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98-100 Yandilla Street, Pittsworth, QLD, 4356

pittsworth vet surgery phone details - Right Business Hours

07 4693 2233

pittsworth vet surgery emergency phone number right After Hours

0429 932 233

98-100 Yandilla Street, Pittsworth, QLD, 4356

pittsworth vet surgery phone details - Right Business Hours

07 4693 2233

pittsworth vet surgery emergency phone number right After Hours

0429 932 233

cattle in field grain poisoning

Take care when choosing rodenticides this winter as it could mean the difference between life or death of your pet.  Not all baits are equal in their toxicity and you should always refer to the ingredients listed on the product.

There are three key types of Rat Bait:

SINGLE DOSE ACUTE POISONS (metal phosphides – zinc, aluminium, magnesium & calcium) which lead to quick death of rodents and are very high risk to other animals that eat the bait directly.

  • Once bait containing Zinc phosphide are ingested by the rodent, the pesticide reacts with the stomach acid in the digestive system to produce a toxic phosphide gas.

SINGLE DOSE ANTICOAGULANTS (broadifacoum, flocoumafen & difenacoum) are all highly lethal anticoagulant poisons which lead to a slower death of the rodent but are also toxic to non-target animals.

  • Single dose acute poisons & anticoagulants leave high poison residues in the rodents. This creates a high secondary risk to pets, working dogs, and bird life who might consume carcasses. They are also potentially lethal if ingested directly.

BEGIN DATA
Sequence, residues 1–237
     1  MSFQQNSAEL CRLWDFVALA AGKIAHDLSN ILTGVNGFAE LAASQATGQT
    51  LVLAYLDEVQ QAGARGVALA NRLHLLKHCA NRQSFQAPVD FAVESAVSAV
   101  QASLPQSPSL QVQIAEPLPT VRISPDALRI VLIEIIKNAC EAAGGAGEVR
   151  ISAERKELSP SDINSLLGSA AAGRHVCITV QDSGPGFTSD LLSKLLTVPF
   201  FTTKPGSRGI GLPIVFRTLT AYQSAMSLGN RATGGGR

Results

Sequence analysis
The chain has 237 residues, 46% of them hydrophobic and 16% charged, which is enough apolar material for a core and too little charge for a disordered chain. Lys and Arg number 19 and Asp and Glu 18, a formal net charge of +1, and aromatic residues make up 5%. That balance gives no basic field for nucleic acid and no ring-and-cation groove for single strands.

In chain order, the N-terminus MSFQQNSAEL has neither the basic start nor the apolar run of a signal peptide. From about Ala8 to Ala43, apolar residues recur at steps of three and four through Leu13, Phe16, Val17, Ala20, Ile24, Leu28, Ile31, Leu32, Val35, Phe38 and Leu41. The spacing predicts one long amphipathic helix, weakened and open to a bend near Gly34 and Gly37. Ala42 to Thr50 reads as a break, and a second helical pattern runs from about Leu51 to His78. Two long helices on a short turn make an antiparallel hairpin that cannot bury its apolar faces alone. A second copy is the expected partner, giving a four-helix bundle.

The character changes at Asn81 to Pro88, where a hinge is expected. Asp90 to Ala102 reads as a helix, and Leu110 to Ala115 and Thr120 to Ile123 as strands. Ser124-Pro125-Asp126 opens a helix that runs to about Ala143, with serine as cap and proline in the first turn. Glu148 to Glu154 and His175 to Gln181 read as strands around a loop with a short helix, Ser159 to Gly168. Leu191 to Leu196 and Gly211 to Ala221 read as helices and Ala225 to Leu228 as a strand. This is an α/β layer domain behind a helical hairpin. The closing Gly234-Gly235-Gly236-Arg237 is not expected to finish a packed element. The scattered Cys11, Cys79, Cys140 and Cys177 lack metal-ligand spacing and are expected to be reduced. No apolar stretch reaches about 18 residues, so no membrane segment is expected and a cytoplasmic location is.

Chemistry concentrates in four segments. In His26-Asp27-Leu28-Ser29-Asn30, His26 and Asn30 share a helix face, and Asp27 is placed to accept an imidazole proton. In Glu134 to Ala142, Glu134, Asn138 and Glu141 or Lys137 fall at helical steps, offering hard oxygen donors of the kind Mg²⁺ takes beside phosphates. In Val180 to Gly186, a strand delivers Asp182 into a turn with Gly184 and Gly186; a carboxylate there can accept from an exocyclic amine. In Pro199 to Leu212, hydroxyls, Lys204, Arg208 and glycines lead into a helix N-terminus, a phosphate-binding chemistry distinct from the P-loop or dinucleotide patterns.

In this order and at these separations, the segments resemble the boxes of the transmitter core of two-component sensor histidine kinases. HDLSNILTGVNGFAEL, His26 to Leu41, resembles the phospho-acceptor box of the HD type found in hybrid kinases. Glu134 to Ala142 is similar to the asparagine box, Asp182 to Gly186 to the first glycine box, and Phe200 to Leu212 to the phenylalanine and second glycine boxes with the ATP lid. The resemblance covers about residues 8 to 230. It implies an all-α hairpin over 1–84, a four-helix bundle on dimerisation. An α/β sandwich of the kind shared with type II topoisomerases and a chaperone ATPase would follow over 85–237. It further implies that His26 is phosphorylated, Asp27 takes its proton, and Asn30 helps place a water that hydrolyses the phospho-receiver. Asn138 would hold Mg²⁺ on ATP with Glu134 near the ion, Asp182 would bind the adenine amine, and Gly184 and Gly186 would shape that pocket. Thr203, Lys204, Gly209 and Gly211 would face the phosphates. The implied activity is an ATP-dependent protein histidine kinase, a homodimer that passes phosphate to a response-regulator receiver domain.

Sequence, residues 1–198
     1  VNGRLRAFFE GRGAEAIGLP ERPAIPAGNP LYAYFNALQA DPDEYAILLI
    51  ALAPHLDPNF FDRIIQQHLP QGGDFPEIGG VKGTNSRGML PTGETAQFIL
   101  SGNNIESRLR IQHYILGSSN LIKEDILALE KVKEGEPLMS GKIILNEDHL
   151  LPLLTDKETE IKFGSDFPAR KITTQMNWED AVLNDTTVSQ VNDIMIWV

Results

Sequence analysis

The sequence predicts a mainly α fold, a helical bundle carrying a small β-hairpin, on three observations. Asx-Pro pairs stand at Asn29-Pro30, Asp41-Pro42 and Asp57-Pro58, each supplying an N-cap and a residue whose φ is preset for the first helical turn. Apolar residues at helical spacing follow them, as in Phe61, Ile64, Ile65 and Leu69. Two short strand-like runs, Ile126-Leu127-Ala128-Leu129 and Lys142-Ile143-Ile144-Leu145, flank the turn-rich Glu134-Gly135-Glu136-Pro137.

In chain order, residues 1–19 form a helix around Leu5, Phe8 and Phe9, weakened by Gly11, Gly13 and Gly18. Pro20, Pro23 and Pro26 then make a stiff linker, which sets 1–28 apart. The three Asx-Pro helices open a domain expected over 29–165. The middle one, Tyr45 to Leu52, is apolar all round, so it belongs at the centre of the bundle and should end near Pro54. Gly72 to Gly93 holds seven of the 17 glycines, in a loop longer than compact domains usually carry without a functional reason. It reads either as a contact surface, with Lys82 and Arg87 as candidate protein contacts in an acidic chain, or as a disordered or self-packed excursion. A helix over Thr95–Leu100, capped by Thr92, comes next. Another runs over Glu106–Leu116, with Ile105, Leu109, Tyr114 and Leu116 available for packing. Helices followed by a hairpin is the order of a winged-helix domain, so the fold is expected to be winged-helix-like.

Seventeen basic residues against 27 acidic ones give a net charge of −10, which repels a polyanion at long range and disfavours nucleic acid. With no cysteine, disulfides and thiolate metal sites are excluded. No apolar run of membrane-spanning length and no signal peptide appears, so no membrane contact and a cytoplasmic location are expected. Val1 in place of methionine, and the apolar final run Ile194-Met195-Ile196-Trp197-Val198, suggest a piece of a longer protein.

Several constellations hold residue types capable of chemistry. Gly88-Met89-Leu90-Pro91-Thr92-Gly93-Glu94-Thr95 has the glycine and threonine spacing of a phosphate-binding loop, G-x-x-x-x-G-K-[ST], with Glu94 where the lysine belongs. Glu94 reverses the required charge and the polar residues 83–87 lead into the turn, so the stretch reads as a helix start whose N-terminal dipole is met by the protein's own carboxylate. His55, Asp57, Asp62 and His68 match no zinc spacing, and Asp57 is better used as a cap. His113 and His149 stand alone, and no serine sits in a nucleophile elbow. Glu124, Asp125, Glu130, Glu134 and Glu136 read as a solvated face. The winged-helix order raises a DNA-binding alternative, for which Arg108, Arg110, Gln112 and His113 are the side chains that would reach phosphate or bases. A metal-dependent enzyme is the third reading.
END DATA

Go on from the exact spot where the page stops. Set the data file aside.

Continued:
MULTIPLE DOSE ANTICOAGULANTS which kill in around the same time as the single dose anticoagulants but with a much lower risk to other animals.

  • These rodenticides reduce the risk to non-targeted animals that eat poisoned rodents or ingest the bait directly. Rodents must ingest multiple doses, metabolising the toxin over several days for it to take effect. This leads to significantly lower residues in the dead or dying rodents. If these are ingested by non-target animals, the risk of harm is very low.

Using bait stations is vital to minimise the risk of direct poisoning but they do not prevent secondary poisoning.  In cases where bait stations have been used, we still see high levels of toxins in the dying rodents, which is enough to also poison the dog/cat.  Treatment can include blood transfusions and can cost a significant amount to treat the dog/cat and save its life.

In some cases where people do not use any form of rodenticide, their pets have still been affected by infected rodents that have wandered from adjoining properties.

In summary, rodenticides are a successful way of eradicating large infestations of rats and mice. However, homeowners & farmers should consider the type of bait they purchase and its potential risk to children, pets, working dogs & wildlife.

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